Governor Ron DeSantis Signed A $109 Billion Budget Into Law Yesterday

Governor Ron DeSantis signed a $109 Billion budget into law yesterday afternoon.

With his signature the following items will become law on July 1, 2022:

DROP Extension for Law Enforcement Officers in the FRS

Law Enforcement Officers in the Florida Retirement System will be able to extend DROP by three years to help retain veteran officers at every FRS participating agency in the state. The legislation also increases the employer contribution to all active investment plan participants by an additional three percent. There will be a six year eligibility window for the DROP extension, a law enforcement officer must be participating in the DROP on or after July 1, 2022 and prior to July 1, 2028.

Pay raises for PBA’s state bargaining unit members

Effective July 1, 2022, State Law Enforcement Officers, Lottery Law Enforcement Officers and Highway Patrol Troopers will receive a 5.38% plus a 5%, or the base salary will move to $50K whichever is higher.

Correctional & Correctional Probation Officer Pay Increases

Effective July 1, 2022, each Officer will receive a 5.38% increase to their base salary before the new bases apply.

The new base salaries are as follows:

  • Correctional Officer – $41,600
  • Correctional Sergeant – $45,760
  • Correctional Lieutenant – $52,624
  • Correctional Captain – $57,886

  • Probation Officer – $41,600
  • Senior Probation Officer – $47,840
  • Probation Specialist – $47,840
  • Probation Supervisor – $52,624
  • Probation Senior Supervisor – $57,886

Retention pay for COs & CPOs

  • $1,000 to the base for officers with two years or more, but less than five years
  • $1,500 to the base for officers with five years or more, but less than eight years
  • $2,500 to the base for officers with eight of more years
  • Effective on July 1, 2022, Institutional Security Specialists will receive the 5.38% increase to their base salary before the new base of $41,600 applies, or a 5%, whichever is higher.

    Previously signed legislation by Governor DeSantis:

    HB 689 by Representative Mike Giallombardo & Senator Danny Burgess expands on the time limitation for Workers’ Compensation Coverage of PTSD for First Responders. Currently, an officer has 90 days from the date of the event or manifestation of the disorder (whichever is later) to provide the employer with a notice of injury, or death. However, an officer has 52 weeks from the date of the event to file a workers’ compensation claim.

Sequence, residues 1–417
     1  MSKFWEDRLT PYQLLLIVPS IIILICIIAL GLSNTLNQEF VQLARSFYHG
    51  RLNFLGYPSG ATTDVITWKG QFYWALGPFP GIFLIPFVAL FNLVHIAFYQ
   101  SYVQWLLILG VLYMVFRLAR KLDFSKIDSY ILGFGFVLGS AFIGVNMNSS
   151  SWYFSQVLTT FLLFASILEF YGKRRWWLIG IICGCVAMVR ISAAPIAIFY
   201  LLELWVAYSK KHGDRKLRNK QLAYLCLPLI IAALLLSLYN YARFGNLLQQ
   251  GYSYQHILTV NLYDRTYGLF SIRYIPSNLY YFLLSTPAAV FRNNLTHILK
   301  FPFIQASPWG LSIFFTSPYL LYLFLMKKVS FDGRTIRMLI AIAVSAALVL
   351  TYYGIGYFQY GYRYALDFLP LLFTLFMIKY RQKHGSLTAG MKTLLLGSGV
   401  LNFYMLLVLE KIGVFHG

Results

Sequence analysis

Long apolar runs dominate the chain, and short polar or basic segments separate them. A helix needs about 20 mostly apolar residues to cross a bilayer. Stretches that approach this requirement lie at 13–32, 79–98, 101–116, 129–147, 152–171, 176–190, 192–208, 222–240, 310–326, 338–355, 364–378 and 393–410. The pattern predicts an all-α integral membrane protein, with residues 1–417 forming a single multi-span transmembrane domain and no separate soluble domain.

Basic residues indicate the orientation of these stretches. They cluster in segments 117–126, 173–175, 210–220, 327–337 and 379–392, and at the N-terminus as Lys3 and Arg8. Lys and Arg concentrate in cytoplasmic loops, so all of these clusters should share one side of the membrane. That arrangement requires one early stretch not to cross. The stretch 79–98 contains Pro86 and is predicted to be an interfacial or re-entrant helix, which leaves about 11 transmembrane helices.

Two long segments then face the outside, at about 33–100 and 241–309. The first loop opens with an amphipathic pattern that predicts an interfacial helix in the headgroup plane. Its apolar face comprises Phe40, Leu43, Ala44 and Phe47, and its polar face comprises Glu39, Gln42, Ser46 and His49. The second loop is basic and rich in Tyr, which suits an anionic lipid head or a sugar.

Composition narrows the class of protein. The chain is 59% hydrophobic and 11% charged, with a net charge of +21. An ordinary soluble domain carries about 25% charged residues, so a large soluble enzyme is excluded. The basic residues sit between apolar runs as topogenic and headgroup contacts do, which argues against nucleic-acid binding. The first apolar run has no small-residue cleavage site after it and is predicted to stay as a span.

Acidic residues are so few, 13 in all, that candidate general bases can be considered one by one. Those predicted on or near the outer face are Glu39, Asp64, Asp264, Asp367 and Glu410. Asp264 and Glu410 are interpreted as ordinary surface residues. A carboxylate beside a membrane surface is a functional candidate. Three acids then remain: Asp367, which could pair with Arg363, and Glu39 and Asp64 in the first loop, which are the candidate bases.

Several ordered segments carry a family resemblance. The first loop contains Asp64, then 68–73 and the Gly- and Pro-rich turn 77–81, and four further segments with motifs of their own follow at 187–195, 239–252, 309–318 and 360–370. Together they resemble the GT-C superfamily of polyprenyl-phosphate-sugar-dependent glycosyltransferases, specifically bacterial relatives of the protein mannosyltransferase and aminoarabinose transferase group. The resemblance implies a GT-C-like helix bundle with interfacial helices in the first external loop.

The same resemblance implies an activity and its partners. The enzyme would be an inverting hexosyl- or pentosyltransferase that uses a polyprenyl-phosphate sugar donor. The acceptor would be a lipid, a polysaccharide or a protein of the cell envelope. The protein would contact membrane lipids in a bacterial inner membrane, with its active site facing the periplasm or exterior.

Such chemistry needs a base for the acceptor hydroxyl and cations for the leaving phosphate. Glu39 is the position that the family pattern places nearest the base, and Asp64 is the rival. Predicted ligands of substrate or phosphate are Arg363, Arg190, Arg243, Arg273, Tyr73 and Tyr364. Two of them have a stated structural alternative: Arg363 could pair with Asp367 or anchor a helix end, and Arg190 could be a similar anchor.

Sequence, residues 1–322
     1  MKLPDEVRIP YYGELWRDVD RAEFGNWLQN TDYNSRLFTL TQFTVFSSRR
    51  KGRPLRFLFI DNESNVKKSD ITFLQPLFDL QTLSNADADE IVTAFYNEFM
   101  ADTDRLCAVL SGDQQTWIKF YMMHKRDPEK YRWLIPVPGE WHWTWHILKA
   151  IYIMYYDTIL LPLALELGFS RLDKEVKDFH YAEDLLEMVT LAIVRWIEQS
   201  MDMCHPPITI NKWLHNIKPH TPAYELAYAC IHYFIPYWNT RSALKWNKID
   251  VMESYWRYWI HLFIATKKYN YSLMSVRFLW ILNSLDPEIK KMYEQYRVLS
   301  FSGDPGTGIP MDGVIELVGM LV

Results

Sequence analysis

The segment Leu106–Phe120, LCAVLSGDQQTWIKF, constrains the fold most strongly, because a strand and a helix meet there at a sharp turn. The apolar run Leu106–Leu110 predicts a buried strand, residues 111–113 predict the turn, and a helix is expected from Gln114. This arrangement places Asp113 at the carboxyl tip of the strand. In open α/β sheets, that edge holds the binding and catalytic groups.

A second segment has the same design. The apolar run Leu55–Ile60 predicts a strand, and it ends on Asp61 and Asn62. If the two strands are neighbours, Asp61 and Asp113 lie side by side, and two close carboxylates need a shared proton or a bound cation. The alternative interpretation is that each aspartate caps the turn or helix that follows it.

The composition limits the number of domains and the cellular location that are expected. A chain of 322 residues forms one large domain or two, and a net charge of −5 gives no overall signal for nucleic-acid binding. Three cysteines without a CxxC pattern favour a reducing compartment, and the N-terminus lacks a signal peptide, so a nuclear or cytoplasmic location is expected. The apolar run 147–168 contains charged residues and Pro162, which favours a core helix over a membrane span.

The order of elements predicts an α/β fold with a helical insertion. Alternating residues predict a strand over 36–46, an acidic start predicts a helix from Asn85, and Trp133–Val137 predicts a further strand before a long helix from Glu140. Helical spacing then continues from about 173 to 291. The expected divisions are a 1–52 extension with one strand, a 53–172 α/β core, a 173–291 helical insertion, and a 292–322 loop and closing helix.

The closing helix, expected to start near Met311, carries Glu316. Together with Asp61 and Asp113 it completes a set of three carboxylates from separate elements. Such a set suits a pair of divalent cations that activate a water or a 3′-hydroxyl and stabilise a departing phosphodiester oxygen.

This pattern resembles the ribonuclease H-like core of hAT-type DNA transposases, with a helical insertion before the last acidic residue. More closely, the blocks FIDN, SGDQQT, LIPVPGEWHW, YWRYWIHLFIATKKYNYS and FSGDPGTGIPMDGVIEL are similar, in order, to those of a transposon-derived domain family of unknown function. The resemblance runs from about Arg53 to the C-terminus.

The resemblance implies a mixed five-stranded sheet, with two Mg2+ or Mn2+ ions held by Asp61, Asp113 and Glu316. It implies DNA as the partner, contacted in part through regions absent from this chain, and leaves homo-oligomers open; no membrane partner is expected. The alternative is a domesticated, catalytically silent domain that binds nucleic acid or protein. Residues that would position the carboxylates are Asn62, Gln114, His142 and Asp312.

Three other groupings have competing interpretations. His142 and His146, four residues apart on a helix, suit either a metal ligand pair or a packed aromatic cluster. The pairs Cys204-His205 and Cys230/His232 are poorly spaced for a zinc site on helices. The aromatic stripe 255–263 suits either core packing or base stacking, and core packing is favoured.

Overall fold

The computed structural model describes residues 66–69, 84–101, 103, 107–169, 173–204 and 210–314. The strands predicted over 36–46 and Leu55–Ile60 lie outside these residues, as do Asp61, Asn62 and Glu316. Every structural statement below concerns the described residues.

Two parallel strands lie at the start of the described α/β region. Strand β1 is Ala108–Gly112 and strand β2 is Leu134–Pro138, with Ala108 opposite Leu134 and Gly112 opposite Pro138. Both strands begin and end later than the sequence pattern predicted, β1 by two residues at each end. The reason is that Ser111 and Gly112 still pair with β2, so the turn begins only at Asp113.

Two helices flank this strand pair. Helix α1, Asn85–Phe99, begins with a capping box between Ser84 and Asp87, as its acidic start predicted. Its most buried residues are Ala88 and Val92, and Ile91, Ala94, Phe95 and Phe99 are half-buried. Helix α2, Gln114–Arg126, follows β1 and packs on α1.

The legislation provides that the time for notice of injury or death a claim of PTSD is 90 days from the qualifying event that supports the claim or the diagnosis, rather than the manifestation, of the disorder (whichever is later). The bill also provides that the PTSD workers’ compensation claim is prohibited if not properly noticed within one year of the qualifying event, or the diagnosis of the disorder (whichever is later).

    The legislation also adds correctional officers into Florida’s First Responder’s PTSD workers’ compensation coverage. The changes to the law will take effect on July 1, 2022.

    HB 3 by Representative Tom Leek creates the following (taken directly from the staff analysis):

    • Creates the Florida Law Enforcement Recruitment Bonus Program to provide one-time bonus payments to newly employed law enforcement officers in Florida;
    • Creates the Florida Law Enforcement Academy Scholarship Program to cover tuition, fees, and up to $1,000 of eligible education expenses for trainees enrolled in a law enforcement officer basic recruit training program;
    • Creates a reimbursement program to pay for up to $1,000 of equivalency training costs for certified law enforcement officers who relocate to Florida or members of the special operations forces who become full-time law enforcement officers;
    • Provides law enforcement officers who adopt a child from within the state child welfare system with a $25,000 benefit for adopting a child with special needs or a $10,000 benefit for adopting a child without special needs; Makes dependent children of law enforcement officers eligible to receive a Family Empowerment Scholarship to attend a private school;